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Proportionality – Does the new approach bring back the old test of proportionality?
West v Stockport NHS Foundation Trust (and related appeal) (2019) EWCA Civ 1220
On 17 July 19 the Court of Appeal handed down judgment on a number of issues arising out of the respondent's successful challenge to the amount of the After The Event (ATE) insurance premium recoverable by the appellants in two clinical negligence claims.
More importantly, they raised the wider point as to what is the proper approach to reasonableness and proportionality upon the assessment of costs.
In setting out its views on the right approach to costs assessment, the court was anxious not to force the judiciary, when assessing a bill of costs, to follow inflexible or overly-complex rules that would restrict them.
It was clear from the numerous authorities cited during the course of this hearing and from the submissions of counsel that there was an absence of consistency in the way in which bills of costs are assessed. The Court of Appeal gave the following guidance on what could be an appropriate and consistent approach.
Line by line assessment
The judge should go through the bill line-by-line, assessing how reasonable each item is. If the judge considers it possible, appropriate and convenient when undertaking that exercise, he or she may also address the proportionality of any particular item at the same time.
That is because, although reasonableness and proportionality are conceptually distinct, there can be an overlap between them, not least because reasonableness may be a necessary condition of proportionality.
This will be a matter for the judge. It will apply, for example, when the judge considers an item to be clearly disproportionate, irrespective of the final figures.
Assessment as to proportionality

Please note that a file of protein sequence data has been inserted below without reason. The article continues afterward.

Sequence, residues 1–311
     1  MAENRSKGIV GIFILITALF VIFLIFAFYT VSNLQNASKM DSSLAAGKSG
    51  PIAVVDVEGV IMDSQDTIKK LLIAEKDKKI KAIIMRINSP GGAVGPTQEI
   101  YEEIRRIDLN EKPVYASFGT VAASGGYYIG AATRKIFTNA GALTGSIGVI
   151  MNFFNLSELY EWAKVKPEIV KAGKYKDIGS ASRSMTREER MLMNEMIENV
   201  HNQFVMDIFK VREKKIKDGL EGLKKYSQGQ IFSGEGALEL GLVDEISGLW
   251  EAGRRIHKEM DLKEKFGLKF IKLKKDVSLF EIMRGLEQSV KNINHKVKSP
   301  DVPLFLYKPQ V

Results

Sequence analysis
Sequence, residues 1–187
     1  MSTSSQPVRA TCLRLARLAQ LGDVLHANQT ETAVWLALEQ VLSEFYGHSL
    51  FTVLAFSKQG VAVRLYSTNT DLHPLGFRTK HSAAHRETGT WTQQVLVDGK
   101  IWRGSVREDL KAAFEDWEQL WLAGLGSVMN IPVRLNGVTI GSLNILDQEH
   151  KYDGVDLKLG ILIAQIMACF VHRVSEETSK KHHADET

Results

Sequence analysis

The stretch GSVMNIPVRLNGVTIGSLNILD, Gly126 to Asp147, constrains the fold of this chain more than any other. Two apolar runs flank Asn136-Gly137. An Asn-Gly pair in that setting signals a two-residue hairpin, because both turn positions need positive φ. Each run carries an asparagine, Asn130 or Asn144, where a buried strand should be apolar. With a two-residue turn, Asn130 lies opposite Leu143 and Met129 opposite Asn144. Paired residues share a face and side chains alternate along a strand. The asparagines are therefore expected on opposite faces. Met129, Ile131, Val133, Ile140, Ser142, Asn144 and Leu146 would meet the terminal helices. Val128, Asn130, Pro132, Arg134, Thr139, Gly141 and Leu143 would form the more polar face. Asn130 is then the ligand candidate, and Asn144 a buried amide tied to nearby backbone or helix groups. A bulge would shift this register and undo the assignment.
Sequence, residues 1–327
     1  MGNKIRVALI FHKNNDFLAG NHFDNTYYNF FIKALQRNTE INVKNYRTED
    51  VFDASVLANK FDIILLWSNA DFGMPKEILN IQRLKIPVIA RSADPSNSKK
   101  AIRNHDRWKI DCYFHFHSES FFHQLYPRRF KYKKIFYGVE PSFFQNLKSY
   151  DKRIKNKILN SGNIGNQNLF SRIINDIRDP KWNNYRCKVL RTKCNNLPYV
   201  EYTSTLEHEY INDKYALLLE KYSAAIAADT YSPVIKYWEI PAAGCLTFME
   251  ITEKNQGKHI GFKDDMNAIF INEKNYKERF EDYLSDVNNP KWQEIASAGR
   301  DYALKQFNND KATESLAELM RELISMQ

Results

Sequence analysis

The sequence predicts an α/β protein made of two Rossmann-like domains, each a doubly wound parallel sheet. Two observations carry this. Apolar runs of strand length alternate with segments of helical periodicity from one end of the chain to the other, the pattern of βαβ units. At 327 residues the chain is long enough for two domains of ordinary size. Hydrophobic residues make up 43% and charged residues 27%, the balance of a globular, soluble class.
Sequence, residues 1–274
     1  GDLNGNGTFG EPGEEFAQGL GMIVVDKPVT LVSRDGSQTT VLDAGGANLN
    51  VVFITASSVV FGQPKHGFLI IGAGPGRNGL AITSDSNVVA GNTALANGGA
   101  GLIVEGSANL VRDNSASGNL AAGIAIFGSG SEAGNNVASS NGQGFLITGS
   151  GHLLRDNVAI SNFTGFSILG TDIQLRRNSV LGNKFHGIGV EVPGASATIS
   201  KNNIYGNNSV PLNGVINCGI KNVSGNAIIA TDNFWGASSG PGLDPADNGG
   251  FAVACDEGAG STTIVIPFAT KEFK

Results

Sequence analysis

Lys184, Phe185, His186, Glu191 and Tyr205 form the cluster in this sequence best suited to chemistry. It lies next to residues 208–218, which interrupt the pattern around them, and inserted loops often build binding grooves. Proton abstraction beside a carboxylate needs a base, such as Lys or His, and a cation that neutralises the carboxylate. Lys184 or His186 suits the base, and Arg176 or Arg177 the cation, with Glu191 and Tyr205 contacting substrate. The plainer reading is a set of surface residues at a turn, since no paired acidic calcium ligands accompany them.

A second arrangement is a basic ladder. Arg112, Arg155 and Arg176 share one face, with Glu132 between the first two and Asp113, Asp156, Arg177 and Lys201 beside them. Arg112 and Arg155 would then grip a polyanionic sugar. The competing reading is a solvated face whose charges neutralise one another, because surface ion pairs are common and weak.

Upon conclusion of the line-by-line assessment, there will be a total figure which the judge considers to be reasonable. That total figure will have involved an assessment of every item of cost, including court fees, the ATE premium (where applicable) and the like.
The proportionality of that total figure must be assessed by reference to both CPR 44.3(5) and CPR 44.4(1).
If that total figure is found to be
(a) Proportionate, then no further assessment is required.
(b) Disproportionate, then a further assessment is required.
3. Further assessment as to what is proportionate
That should not be line-by-line, but should instead consider various categories of cost, such as disclosure or expert's reports, or specific periods where particular costs were incurred, or particular parts of the profit costs.
At that stage, however, any reductions for proportionality should exclude those elements of costs which are regarded as unavoidable, such as court fees, the reasonable element of the ATE premium in clinical negligence cases, and the like. Specifically, therefore, if the ATE premium is assessed as reasonable, it will not fall to be reduced by any further assessment of proportionality.
The judge will undertake the proportionality assessment by looking at the different categories of costs (excluding the unavoidable items noted above) and considering, in respect of each such category, whether the costs incurred were disproportionate. If yes, then the judge will make such reduction as is appropriate. In that way, reductions for proportionality will be clear and transparent for both sides.
Once any further reductions have been made, the resulting figure will be the final amount of the costs’ assessment. There would be no further stage of standing back and, if necessary, undertaking a further review by reference to proportionality. That would introduce the risk of double-counting.
We welcome the Court of Appeal’s guidance as to the appropriate approach to the application of the tests of reasonableness and proportionality upon assessment of costs. However, when you consider the detail of this approach, it appears to be inconsistent with the assessment of reasonableness and proportionality in costs management.
Court fees are routinely taken into account when assessing what is a reasonable and proportionate amount for a budget. Whereas, the new guidance suggests that, as court fees are “unavoidable”, they should be excluded when considering what further reductions are to be made for proportionality.
We can see why additional liabilities are excluded but there does not appear to be any reasoning as to why court fees should be singled out in this way or, more importantly what is meant by “unavoidable”.
The use of the word “unavoidable” appears to bring back the old proportionality test of “necessity” under Lownds v Home Office  EWCA Civ 365.
It appears to be the case that disproportionate costs should be allowed if they are “unavoidable”.